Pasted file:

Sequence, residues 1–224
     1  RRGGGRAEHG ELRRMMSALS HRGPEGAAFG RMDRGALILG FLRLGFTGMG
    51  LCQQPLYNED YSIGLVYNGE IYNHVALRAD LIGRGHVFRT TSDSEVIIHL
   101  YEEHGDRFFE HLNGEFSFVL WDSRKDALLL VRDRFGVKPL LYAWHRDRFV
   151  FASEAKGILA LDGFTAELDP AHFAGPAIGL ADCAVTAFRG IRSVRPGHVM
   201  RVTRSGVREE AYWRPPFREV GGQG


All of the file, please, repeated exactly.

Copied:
Sequence, residues 1–224
     1  RRGGGRAEHG ELRRMMSALS HRGPEGAAFG RMDRGALILG FLRLGFTGMG
    51  LCQQPLYNED YSIGLVYNGE IYNHVALRAD LIGRGHVFRT TSDSEVIIHL
   101  YEEHGDRFFE HLNGEFSFVL WDSRKDALLL VRDRFGVKPL LYAWHRDRFV
   151  FASEAKGILA LDGFTAELDP AHFAGPAIGL ADCAVTAFRG IRSVRPGHVM
   201  RVTRSGVREE AYWRPPFREV GGQG